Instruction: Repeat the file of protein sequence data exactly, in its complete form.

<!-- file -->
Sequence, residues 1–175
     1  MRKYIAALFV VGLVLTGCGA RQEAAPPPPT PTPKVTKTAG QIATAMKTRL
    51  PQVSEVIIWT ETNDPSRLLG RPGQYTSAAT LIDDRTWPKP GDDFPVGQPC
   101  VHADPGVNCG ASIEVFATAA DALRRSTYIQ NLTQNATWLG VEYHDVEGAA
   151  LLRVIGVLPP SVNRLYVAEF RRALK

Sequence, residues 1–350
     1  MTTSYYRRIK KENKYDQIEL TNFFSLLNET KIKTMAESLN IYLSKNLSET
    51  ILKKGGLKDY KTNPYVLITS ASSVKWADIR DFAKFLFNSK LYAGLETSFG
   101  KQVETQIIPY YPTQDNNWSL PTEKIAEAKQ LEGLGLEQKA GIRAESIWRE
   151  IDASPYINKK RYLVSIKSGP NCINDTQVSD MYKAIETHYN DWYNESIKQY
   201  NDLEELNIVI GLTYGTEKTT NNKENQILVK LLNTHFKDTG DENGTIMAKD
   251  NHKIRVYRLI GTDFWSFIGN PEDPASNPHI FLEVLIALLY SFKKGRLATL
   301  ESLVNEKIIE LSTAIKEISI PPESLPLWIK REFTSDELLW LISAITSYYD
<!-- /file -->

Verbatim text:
Sequence, residues 1–175
     1  MRKYIAALFV VGLVLTGCGA RQEAAPPPPT PTPKVTKTAG QIATAMKTRL
    51  PQVSEVIIWT ETNDPSRLLG RPGQYTSAAT LIDDRTWPKP GDDFPVGQPC
   101  VHADPGVNCG ASIEVFATAA DALRRSTYIQ NLTQNATWLG VEYHDVEGAA
   151  LLRVIGVLPP SVNRLYVAEF RRALK

Sequence, residues 1–350
     1  MTTSYYRRIK KENKYDQIEL TNFFSLLNET KIKTMAESLN IYLSKNLSET
    51  ILKKGGLKDY KTNPYVLITS ASSVKWADIR DFAKFLFNSK LYAGLETSFG
   101  KQVETQIIPY YPTQDNNWSL PTEKIAEAKQ LEGLGLEQKA GIRAESIWRE
   151  IDASPYINKK RYLVSIKSGP NCINDTQVSD MYKAIETHYN DWYNESIKQY
   201  NDLEELNIVI GLTYGTEKTT NNKENQILVK LLNTHFKDTG DENGTIMAKD
   251  NHKIRVYRLI GTDFWSFIGN PEDPASNPHI FLEVLIALLY SFKKGRLATL
   301  ESLVNEKIIE LSTAIKEISI PPESLPLWIK REFTSDELLW LISAITSYYD